# 2010 AMC 10A Problems/Problem 2

## Problem 2

Four identical squares and one rectangle are placed together to form one large square as shown. The length of the rectangle is how many times as large as its width? $[asy] unitsize(8mm); defaultpen(linewidth(.8pt)); draw((0,0)--(4,0)--(4,4)--(0,4)--cycle); draw((0,3)--(0,4)--(1,4)--(1,3)--cycle); draw((1,3)--(1,4)--(2,4)--(2,3)--cycle); draw((2,3)--(2,4)--(3,4)--(3,3)--cycle); draw((3,3)--(3,4)--(4,4)--(4,3)--cycle); [/asy]$ $\mathrm{(A)}\ \dfrac{5}{4} \qquad \mathrm{(B)}\ \dfrac{4}{3} \qquad \mathrm{(C)}\ \dfrac{3}{2} \qquad \mathrm{(D)}\ 2 \qquad \mathrm{(E)}\ 3$

## Solution 1

Let the length of the small square be $x$, intuitively, the length of the big square is $4x$. It can be seen that the width of the rectangle is $3x$. Thus, the length of the rectangle is $4x/3x = 4/3$ times large as the width. The answer is $\boxed{B}$.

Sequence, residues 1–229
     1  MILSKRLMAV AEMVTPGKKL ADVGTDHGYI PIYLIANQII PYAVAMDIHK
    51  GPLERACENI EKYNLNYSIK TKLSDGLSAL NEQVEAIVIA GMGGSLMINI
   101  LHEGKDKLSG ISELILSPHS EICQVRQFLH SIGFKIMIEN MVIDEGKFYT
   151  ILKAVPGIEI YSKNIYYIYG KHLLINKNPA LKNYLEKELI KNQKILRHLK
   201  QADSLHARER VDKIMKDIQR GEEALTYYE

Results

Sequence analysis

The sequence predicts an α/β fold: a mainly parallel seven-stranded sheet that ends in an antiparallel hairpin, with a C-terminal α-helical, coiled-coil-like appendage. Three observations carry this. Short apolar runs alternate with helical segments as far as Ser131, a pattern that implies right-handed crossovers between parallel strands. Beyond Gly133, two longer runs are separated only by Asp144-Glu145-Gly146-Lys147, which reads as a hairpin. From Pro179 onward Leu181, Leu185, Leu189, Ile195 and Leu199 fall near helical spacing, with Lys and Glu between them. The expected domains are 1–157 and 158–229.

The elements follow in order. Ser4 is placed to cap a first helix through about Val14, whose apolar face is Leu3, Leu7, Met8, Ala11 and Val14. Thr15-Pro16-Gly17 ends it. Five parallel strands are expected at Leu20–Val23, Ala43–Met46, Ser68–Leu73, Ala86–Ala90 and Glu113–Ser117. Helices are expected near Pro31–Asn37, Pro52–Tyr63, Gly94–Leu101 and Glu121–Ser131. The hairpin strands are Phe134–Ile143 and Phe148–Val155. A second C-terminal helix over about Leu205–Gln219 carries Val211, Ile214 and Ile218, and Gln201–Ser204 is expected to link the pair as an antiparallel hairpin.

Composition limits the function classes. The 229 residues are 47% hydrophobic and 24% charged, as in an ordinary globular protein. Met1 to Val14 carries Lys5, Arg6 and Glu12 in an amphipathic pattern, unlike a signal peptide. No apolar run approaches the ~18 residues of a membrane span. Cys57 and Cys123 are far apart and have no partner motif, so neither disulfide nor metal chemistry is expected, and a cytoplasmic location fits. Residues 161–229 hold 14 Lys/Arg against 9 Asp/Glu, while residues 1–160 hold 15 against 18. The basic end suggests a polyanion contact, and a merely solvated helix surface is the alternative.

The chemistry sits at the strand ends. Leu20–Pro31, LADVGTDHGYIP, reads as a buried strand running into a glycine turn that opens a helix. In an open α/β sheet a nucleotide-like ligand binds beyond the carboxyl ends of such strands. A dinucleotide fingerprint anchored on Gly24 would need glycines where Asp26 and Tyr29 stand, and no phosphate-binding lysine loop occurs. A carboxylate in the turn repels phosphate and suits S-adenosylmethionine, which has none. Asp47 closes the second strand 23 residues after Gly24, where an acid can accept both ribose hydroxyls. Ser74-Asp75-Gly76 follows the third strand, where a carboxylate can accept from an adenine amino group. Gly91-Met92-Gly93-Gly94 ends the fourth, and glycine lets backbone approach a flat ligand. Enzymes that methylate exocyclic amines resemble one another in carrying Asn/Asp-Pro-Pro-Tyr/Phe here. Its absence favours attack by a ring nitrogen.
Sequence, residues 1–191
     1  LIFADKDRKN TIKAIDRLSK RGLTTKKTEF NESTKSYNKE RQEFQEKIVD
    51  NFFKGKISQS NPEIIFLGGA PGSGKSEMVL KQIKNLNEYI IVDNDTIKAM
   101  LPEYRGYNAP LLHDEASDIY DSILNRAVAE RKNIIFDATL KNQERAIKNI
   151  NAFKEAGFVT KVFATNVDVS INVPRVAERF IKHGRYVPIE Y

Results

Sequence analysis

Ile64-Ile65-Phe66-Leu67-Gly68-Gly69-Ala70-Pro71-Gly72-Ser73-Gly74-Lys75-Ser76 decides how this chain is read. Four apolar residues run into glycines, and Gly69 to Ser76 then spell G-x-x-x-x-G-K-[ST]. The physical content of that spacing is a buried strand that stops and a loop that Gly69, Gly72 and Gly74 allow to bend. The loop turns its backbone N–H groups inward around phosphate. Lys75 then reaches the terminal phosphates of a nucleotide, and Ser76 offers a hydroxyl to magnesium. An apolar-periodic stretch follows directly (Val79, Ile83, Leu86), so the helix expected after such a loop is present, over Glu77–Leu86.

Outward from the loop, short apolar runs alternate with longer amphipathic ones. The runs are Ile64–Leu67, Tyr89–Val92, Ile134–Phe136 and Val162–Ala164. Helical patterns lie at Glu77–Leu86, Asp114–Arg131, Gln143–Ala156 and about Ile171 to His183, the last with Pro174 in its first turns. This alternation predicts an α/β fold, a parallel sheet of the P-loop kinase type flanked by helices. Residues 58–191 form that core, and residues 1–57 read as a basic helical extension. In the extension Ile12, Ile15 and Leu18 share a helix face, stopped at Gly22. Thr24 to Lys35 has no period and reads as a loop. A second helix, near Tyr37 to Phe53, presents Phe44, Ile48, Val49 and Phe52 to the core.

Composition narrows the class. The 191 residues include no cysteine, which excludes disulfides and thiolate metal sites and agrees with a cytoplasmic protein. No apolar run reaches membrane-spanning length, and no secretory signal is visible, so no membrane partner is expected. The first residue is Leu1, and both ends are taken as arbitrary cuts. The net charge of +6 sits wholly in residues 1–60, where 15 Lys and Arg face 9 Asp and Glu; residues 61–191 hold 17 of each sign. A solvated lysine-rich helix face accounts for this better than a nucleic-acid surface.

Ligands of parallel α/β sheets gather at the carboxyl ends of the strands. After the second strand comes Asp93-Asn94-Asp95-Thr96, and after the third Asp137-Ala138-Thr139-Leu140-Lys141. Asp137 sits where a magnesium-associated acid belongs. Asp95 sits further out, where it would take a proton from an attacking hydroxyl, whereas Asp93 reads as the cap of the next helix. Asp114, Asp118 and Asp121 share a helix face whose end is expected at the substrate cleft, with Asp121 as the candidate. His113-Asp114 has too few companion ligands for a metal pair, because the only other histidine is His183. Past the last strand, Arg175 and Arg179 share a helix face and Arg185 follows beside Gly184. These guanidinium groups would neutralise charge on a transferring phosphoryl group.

## Solution 2

We can say the smaller squares area is $x^2$, so $\dfrac{1}{4}$ of the area of the larger square is $4x^2$ so the large squares are is $16x^2$, so each side is $4x$ so length is $4x$ and the width is $4x-x=3x$ so $\dfrac{4x}{3x}=\dfrac{4}{3}$

## See also

 2010 AMC 10A (Problems • Answer Key • Resources) Preceded byProblem 1 Followed byProblem 3 1 • 2 • 3 • 4 • 5 • 6 • 7 • 8 • 9 • 10 • 11 • 12 • 13 • 14 • 15 • 16 • 17 • 18 • 19 • 20 • 21 • 22 • 23 • 24 • 25 All AMC 10 Problems and Solutions

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